Pressure-Volume Correlates of Left Ventricular Oxygen Consumption in the Hypervolemic Dog
Volume changes in the intact functioning canine left ventricle were induced by whole blood infusion and were measured by the thermodilution technic. Multiple regression analyses were performed to detect significant correlations between hemodynamic variables and left ventricular oxygen consumption. Hemodynamic variables, in addition to the pressure-time integral, ventricular volume, and ventricular work, included estimates of myocardial stress, force, and shortening. The most significant individual correlates of oxygen consumption were the pressure-time integral (r=0.91) and ventricular end systolic volume (r=0.81), whereas the interaction of volume with pressure-time, thus approximating wall stress and force, was the most significant variable overall (r=0.93). A number of multiple linear regression models were tested for the prediction of ventricular oxygen consumption. The equation (model E) with the greatest multiple regression coefficient (R=0.947) included heart rate, pressure-time per beat, pressure-time per minute, end systolic volume, and (end systolic volume)2/3 as independent variables. A less elaborate regression equation including only pressure-time per minute and end systolic volume as independent variables was, however, nearly as accurate as model E in the prediction of oxygen consumption. The addition of estimates of left ventricular work and shortening to these regression models did not further improve the ability to predict oxygen consumption accurately.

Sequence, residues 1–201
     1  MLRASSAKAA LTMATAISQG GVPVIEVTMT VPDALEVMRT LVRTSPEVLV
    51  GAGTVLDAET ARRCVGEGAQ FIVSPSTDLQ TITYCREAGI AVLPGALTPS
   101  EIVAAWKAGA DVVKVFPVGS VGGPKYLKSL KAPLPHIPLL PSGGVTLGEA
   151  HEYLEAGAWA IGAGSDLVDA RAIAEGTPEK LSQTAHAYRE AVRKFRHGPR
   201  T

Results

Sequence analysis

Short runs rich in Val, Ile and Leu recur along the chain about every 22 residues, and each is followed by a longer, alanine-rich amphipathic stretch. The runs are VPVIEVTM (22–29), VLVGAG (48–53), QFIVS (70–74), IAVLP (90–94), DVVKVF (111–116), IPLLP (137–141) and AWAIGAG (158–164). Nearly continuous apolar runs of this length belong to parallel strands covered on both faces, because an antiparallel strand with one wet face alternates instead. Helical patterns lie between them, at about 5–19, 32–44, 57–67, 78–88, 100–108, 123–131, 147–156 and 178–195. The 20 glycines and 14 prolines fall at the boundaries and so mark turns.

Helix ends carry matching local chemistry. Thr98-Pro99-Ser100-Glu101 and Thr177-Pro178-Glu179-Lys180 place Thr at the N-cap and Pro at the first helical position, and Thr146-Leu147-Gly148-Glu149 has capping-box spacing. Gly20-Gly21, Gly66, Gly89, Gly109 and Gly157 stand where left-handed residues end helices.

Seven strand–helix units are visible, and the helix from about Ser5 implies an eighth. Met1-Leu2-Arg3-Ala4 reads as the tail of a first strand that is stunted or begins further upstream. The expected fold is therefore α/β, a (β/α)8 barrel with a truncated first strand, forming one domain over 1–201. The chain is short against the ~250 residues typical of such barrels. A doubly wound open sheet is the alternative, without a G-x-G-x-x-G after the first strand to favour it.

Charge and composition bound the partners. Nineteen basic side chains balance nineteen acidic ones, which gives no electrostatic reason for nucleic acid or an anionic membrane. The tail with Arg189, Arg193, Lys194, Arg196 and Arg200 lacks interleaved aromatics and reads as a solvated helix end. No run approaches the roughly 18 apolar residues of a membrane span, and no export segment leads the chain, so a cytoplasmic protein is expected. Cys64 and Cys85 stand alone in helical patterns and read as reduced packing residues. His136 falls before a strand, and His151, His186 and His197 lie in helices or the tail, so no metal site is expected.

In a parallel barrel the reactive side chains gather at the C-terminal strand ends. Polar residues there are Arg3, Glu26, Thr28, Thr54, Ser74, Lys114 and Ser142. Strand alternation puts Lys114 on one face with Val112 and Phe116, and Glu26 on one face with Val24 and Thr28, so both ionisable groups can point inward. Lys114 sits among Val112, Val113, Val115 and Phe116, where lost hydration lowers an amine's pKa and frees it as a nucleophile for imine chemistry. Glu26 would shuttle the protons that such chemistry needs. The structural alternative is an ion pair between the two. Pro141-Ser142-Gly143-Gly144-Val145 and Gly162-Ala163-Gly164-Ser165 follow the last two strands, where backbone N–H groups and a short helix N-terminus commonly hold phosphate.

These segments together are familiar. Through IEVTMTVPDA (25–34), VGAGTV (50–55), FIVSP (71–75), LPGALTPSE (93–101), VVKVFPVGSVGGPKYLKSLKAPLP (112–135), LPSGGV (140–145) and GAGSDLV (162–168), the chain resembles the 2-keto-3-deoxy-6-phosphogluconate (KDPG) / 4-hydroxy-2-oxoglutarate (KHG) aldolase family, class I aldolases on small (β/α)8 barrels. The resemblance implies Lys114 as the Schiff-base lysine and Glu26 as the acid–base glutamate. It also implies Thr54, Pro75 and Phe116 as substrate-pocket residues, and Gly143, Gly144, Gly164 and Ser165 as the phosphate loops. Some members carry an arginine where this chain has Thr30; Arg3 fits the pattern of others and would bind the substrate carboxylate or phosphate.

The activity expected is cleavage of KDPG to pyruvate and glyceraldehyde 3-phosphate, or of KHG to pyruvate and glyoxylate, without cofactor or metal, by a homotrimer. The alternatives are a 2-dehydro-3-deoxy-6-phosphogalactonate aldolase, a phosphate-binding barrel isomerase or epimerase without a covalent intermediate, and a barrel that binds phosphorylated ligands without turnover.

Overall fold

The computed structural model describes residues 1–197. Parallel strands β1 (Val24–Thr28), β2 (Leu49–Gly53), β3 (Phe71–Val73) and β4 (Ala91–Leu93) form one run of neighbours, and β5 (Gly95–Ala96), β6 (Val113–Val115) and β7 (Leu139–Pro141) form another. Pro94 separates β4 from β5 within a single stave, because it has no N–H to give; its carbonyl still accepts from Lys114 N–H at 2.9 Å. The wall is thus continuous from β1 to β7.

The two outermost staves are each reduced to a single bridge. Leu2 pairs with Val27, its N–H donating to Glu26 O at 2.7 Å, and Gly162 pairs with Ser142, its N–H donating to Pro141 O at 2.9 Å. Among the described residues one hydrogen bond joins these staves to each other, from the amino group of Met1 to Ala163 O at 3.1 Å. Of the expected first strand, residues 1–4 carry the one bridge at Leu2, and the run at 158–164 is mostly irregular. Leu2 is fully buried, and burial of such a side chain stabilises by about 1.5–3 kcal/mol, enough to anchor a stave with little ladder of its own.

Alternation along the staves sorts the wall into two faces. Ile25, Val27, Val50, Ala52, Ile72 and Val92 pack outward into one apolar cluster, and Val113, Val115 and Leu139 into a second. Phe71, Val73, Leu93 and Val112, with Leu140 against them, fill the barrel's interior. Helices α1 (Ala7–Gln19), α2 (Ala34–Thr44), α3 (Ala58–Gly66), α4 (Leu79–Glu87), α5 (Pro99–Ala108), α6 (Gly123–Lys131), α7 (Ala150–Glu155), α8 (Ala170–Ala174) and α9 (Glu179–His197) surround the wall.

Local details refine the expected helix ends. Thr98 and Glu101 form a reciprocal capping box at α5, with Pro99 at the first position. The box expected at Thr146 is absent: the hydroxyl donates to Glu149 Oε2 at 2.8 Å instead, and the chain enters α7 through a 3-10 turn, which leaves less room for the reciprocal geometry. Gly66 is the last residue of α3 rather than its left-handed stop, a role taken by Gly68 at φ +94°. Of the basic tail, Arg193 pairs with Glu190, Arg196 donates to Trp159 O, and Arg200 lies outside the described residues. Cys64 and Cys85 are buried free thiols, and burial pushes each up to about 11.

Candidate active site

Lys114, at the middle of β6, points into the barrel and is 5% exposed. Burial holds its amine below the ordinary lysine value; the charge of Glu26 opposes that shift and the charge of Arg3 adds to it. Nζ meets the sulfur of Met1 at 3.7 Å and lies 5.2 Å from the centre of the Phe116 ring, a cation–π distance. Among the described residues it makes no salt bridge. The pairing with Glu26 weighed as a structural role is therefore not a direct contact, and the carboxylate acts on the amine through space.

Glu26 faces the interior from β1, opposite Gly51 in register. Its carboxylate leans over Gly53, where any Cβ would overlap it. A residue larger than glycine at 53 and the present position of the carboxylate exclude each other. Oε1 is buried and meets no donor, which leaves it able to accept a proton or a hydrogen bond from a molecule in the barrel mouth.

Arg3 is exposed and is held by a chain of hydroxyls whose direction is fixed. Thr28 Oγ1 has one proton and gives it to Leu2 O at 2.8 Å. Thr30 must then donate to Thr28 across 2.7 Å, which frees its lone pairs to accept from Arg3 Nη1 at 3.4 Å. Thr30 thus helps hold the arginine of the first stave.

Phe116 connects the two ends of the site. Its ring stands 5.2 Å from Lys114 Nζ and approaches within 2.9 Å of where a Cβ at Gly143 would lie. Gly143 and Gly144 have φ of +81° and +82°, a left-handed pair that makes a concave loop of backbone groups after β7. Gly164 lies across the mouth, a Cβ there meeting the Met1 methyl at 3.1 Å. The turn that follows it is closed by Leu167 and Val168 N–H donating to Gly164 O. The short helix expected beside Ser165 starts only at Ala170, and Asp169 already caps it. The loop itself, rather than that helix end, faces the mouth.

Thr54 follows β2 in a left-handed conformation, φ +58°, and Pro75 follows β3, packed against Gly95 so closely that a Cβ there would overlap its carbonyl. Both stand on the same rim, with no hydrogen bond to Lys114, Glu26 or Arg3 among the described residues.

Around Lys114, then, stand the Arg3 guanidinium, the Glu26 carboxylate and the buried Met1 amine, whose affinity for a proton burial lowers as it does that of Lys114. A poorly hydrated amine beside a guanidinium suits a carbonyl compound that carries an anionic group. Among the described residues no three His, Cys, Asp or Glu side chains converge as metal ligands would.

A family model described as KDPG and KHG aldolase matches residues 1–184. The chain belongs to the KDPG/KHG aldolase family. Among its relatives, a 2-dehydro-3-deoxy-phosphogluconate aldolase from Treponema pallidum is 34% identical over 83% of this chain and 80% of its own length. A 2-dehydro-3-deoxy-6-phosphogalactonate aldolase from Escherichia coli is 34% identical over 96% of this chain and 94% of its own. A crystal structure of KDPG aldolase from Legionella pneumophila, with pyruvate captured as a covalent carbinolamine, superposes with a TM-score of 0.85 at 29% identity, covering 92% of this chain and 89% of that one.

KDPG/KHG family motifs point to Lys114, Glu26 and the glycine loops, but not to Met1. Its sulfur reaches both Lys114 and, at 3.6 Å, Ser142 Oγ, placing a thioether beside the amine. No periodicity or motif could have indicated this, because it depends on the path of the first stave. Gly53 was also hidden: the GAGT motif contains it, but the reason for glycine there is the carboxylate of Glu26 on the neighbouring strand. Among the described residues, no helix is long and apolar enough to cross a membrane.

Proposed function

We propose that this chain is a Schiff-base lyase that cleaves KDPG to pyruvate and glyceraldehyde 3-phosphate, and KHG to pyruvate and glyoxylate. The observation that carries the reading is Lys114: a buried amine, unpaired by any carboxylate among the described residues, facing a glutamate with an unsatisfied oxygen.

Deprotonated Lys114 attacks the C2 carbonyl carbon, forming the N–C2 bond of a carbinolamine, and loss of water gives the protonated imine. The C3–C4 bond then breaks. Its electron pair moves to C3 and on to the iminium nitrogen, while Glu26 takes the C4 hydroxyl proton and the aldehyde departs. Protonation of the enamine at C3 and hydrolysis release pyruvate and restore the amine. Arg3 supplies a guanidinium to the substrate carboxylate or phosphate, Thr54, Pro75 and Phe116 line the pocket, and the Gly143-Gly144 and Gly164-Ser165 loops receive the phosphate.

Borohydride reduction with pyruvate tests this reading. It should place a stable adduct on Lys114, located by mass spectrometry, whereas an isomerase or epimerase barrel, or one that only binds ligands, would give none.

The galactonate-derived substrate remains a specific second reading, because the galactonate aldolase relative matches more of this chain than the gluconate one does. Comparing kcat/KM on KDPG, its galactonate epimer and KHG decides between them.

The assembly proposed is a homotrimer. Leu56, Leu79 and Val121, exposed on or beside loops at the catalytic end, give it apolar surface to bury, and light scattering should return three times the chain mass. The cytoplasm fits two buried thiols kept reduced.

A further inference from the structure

The relationships between these hemodynamic variables and ventricular oxygen consumption were not altered by pericardiotomy or catecholamine depletion. In the hypervolumic heart acute ventricular dilatation did not occur following pericardiotomy.
The results of this study confirm the postulate that an increase in ventricular volume, as well as pressure, will be accompanied by an increase in ventricular oxygen consumption. This in turn implies a relationship between the wall stress or force generated by the myocardium and the energy requirement of contraction.
- Accepted May 20, 1965.
- © 1965 American Heart Association, Inc.